Despite DAT Politics' focus on computer-generated and instrumental sounds, two members of the group, Claude Pailliot and Gaetan Collet, describe how they have also been incorporating vocals into their music. "We've been great fans of pop music for a long time," they explained by e-mail, "and vocals are something we've been working with for a while, even if the result was not really something we could name a 'song.'" Somewhat similarly to the duo Matmos, who worked on Bjork's last album, Vespertine, DAT Politics utilizes singing in effective, even provocative ways. The group's most recent record, Plugs Plus, on Chicks on Speed Records (a label they share with folks such as feminist electro-punk group Le Tigre), is full of guest vocalists inserted like plastic pegs into the trio's sparkling Lite Brite collages.
The music of DAT Politics speaks to deeper issues in our culture. Computer music and sound continues its steady creep into our lives. It does so largely as white noise--the chimes and whistles your machine emits after receiving an e-mail or the miniature melodies you hear in video games. DAT Politics takes these bright, childlike game sounds, along with acoustic recordings of their own and a myriad other samples, and spackles them into the cracks of minimal electronica's jagged beats and clicks. In fact, one of their primary pieces of software is Sound Club, a German program initially created to make soundtracks for video games in the '80s.
But DAT Politics' attitude is more playful than professorial, going against the cliche of academic laptop artists deep-freezing any warmth in their music and alienating any remaining audience in the process. It's as if these three French pranksters are snooping about, pinching the rears of would-be PowerBook composers. And all the while, the trio's own music is often superior in concept and button-pushing effectiveness than the usual academic aesthetes manning the keyboards.
The threesome that comprises DAT Politics--Pailliot, Collet and Vincent Thierion--hail from the town of Lille, France, a small industrial area in the north. Together, they cut their teeth in a post-rock outfit called Tone Rec. Their exuberant, do-it-yourself take on making noise that was fed into a blender of improvisation led to a number of early, off-the-cuff recordings. Now, moving increasingly into the world of electronic production, each member of the ensemble works independently on the various sources that comprise their music: hooky song bits, sound effect scrambles and squeaks, self-recorded acoustic pieces, field recordings and the like--all using what they lovingly refer to as "cheap electronics." Once they have broken down the key elements, they incorporate them in a way that almost fools conscious thought-processes. So when you listen to what you think sounds like a whoopee-cushion, it might in fact be a squished sample of a person's laugh.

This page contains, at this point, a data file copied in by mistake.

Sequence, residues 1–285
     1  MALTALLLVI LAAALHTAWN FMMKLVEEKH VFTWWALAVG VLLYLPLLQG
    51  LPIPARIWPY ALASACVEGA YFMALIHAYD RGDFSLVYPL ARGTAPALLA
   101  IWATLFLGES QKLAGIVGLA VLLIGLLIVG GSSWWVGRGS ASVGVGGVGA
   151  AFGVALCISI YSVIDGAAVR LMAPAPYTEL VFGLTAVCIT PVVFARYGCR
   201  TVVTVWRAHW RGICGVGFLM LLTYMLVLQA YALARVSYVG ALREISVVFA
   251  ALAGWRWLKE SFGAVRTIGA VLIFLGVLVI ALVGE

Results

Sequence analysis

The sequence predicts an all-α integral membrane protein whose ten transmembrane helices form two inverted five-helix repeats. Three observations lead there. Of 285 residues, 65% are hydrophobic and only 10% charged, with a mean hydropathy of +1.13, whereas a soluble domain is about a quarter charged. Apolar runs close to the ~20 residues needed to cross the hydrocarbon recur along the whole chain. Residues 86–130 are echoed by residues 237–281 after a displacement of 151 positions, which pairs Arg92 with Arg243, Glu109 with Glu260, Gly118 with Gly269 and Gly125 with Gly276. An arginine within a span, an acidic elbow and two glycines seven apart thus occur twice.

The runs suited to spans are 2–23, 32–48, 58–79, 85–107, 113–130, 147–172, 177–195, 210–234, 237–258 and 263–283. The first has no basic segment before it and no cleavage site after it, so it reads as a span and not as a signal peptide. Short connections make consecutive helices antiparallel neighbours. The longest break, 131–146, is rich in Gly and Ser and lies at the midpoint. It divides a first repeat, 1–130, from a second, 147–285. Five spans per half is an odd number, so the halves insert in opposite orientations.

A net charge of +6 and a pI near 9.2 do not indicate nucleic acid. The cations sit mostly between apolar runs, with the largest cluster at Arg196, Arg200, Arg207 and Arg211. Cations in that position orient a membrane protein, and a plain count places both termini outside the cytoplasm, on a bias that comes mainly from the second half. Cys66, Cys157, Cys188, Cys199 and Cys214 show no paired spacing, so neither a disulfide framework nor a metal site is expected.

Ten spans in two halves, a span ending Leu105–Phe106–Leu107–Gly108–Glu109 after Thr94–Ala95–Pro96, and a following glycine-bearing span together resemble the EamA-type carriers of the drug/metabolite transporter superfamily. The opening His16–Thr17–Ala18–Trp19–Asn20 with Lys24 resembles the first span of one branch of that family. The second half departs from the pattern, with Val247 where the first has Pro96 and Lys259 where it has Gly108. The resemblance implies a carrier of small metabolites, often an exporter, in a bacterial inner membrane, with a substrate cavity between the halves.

DAT Politics' application of technology to music is refreshingly primitive; the trio prefers live, real-time interaction between themselves and their machines, eschewing sequencing equipment like MIDI on recordings and in their frenetic live performances. "Our laptops are not linked together," Pailliot and Collet explain. "We have to listen to the others. It's usual for us now, and it's much more fun because we have to do signs and we can easily make some errors!"
These "errors" are key to DAT Politics' musical philosophy and the sounds they make, which ignore the boundary between silly and serious. I asked Pailliot and Collet about their wide-eyed approach. "It's not because it's playful that we can't do it seriously." In effect, the group makes music whose seeming naivete is accompanied by a devotion to the serious application of often adolescent sounds. "Sometimes, we hear from people that it's regressive music," Pailliot and Collet remark, but as for their own opinion, the two "think it can be radical and fun!" And asked about outside interests, and how various hobbies might influence their music, Pailliot and Collet joke a bit: "We like film and cartoon soundtracks, video games, minimalism ... Is that really serious? I don't know, but it's just our way to do our stuff!"
Apparently, their name has never explicitly referred to any political content, but nonetheless, since I'm here in Carrboro, where we just celebrated the famous "French Trade Month," I feel obliged to ask Pailliot and Collet the obvious question about their moniker. Their response is less about the politics of digital technology than about the fried potatoes of Lille. "Ooh yes!" they exclaim. "The 'freedom fries' story! It's funny because we're actually from the area where we're cooking the best fries in the world! So we took it personally! Anyway, we were surprised by this kind of extreme reaction! It's like American flags everywhere and no possible contestation. It's not really democratic."
Seemingly unrelated to music, this last comment suggests how the trio's art-making matters for the larger world. DAT Politics possesses a democratic openness to music that demonstrates their belief in the convergence of every style and every piece of audio-cultural detritus as it shoots through a multi-hued prism only made possible by the all-encompassing umbrella of "modern technology." Perhaps Pailliot, Collet and Thierion are as puzzled as any of us about today's headlines, and they may be just as awed by the technologies that continue to engulf us, but with a creative click of the mouse (and a healthy does of squished-sample laughter), they are able to sustain the idea that we just might be able to sample, mix and dance our way out of this mess.
A note on the show: Be sure to get there early for Extreme Animals, a left-field rock band who brings along a slew of films to screen with their performance, and ist/DAD, a new local electro-and-guitar duo.
For more info: 933-5550 or dyss.net.